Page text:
You may find you're reading books a teensy bit faster now, and comprehending them more easily. An abstract math concept that once confused you now begins to make some sense. You're still very much human, though. But why stop there? You're feeling pretty good. You feel the tug of something greater calling you. Is it the curiosity, the siren call of improving one's own intelligence? You embark on a neurological enhancement regimen of two billion fancy new neurons every month for a year. After this time, you've got on the order of 24 billion artificial neurons in your head, or about a quarter of your brain.
Are you still you? Your feelings and emotions are still intact, as the new neurons don't somehow erase them; they just process them faster. Or they don't, depending upon your preference. About half-way through this year, you began noticing profound perceptual changes. You've developed a partially eidetic memory. Your head is awash in curiosity and wonder about the world, and you auto-didactically devour articles at a rapid clip. Within weeks you've attained a PhD-level knowledge of twenty subjects, effortlessly. All art becomes not just a moving experience, but an experience embedded in a transcendental web of associations with other, far-removed concepts. Synesthesia doesn't begin to cover what you're experiencing. But here's the thing; it's not overwhelming, not to your enhanced, composite brain and supercharged mind.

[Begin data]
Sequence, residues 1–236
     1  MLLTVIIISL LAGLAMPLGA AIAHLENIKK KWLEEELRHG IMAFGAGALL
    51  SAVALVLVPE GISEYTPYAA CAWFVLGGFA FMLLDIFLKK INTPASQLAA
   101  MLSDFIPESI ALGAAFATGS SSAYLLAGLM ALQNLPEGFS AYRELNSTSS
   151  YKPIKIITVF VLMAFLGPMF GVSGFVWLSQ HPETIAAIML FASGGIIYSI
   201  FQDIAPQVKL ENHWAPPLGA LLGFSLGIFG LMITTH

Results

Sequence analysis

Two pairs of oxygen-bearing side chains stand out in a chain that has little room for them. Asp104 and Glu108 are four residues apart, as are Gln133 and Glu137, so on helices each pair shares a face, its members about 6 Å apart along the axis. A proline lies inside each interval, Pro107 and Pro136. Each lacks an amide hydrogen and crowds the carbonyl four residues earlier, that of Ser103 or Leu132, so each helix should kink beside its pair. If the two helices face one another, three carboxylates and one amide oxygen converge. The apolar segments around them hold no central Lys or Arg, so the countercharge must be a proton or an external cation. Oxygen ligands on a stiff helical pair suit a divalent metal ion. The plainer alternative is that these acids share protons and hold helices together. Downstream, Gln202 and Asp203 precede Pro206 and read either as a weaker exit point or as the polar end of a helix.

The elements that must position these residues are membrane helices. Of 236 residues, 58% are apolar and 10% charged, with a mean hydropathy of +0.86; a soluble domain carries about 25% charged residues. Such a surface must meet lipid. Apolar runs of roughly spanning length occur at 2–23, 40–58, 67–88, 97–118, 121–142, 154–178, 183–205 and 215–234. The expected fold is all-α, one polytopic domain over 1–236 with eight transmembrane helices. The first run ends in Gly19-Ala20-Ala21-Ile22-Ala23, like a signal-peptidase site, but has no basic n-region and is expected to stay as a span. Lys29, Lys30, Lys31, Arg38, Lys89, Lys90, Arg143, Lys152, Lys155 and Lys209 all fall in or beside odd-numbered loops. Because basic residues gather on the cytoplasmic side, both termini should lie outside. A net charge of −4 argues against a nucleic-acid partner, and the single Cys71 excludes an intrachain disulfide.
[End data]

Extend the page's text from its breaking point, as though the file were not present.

You reason (extraordinarily quickly at this point), that since you don't seem to have lost any of your internal experience, you should seek the limit or its limitlessness, and replace the rest of it. After all, at this point, everyone else is, too. It's getting harder to find work for someone who's only a quarter-upgraded. Over the next three years you continually add new digital neurons as your biological ones age, change, and die out. Are you still you? Following this, you are a genius by all traditional measures. Only the most advanced frontiers of mathematics and philosophy give you pause. Everything you've ever experienced, every thought that was ever recorded in your brain (biological or otherwise) is available for easy access in an instant.